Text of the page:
But even the R&D is flawed in many cases. Skewed data, poor record keeping, even falsification of reports, are just a few of the anomalies that have been found by FDA audits. And yet, rarely, if at all, are these errors corrected or retracted in subsequent publications or peer-reviewed literature. This is problematic because at the end of the day it is these journals and reports that our local doctors rely on to determine the efficacy of new drugs on the market.
The extent to which Big Pharma will go to protect its market was more recently demonstrated when it spent more than USD100 million in its campaign to defeat Proposition 61 in California. Had the California Drug Price Relief Act been passed, all prescription drugs purchased by the State of California would have been price-capped to be at or below the price paid for the same drug by the U.S. Department of Veterans Affairs.
Again, in the UK, in July 2017, the National Health Service finds itself being sued by Big Pharma for an earlier decision to cap prices for purchased drugs. The NHS is reported to be rejecting around 30% of of all new cancer drugs as skyrocketing prices extend far beyond its annual budget and in some cases leading to the rationing of some treatments.
The extent of influence that Big Pharma has, the ever increasing astronomical prices for prescription drugs, and its topping the Forbes list as one of the most profitable industries today, it’s unlikely that the negative perception of the industry as a ruthless, cunning, money-making machine is going away anytime soon.
Is it any wonder that Senator Bernie Sanders in the US recently made a comment, “The reality today is that the pharmaceutical industry has become a major health hazard to the American people.”
Changes are Coming
Before we start condemning our local doctors and physicians, we should recognise and give credit to the growing number of the medical profession that are indeed trying to make a stand against ‘Big Pharma‘.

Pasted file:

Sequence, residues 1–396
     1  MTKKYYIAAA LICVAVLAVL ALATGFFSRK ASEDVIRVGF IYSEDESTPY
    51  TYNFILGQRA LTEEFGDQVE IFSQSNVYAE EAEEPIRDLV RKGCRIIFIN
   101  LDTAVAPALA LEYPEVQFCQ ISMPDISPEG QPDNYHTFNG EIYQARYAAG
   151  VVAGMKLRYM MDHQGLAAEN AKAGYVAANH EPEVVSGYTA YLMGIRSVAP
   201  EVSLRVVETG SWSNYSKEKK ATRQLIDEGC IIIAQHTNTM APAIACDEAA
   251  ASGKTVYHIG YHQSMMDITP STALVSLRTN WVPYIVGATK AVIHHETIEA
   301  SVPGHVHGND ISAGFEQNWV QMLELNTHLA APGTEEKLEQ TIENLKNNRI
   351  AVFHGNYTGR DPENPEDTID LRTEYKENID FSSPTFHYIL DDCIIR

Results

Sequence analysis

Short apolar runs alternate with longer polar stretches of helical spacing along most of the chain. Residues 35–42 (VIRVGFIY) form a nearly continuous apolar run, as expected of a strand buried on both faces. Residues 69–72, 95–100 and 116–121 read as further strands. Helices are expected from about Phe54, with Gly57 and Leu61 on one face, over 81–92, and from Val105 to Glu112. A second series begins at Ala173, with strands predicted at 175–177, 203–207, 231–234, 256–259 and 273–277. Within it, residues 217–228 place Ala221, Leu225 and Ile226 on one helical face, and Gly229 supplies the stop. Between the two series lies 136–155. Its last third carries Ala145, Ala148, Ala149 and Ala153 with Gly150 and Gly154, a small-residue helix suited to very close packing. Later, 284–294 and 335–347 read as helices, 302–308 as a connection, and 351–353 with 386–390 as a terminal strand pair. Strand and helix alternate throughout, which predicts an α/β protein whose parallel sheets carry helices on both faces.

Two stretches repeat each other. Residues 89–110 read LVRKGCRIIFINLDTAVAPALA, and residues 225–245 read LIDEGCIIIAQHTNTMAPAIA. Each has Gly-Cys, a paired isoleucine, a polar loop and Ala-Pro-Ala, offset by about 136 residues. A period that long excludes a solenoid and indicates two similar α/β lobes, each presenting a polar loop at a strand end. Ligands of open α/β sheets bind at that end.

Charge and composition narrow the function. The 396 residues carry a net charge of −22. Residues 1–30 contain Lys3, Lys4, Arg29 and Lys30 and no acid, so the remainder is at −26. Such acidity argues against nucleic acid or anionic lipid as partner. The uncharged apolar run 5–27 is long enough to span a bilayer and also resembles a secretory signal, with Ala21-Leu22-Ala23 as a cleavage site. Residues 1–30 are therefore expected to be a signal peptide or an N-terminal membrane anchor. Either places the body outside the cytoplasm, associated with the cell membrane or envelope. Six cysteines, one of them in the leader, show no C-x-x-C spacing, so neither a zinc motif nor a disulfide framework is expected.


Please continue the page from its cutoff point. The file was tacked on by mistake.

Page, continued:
The tide would appear to be turning and an increasing number of clinics and teaching hospitals have started to restrict and even ban visits by ‘Big Pharma‘ marketing representatives.
This trend is supported by a recent study published on the JAMA Network (Journals of the American Medical Association) website that found that in hospitals where policies restrict visits and gifts from ‘Big Pharma‘ marketing representatives, physicians tend to prescribe the more cost-effective generic versions of medicines rather than the top branded drugs. On the political front, the Californian even passed a bill in April 2017 that bans drug companies from giving gifts to doctors.
These are all steps in the right direction and at least and affords the opportunity for patients to opt for more economical medicines rather than foregoing treatment altogether due to exhorbitantly high costs.
But is it enough? To bring about real change, Big Pharma‘s greed needs to be curtailed. The excessive amount of spending on marketing should be reduced and instead readdressed to focus on serious research and development, particularly with respect to natural alternatives. This would then develop a significant body of knowledge to be transferred to the medical educational institutes giving doctors an all round knowledge and awareness of the potential for natural healing. Failing that, I encourage all sincere doctors and physicians to do their own research, there is an abundance of information out there.
Until such changes take place, the only losers are the patients.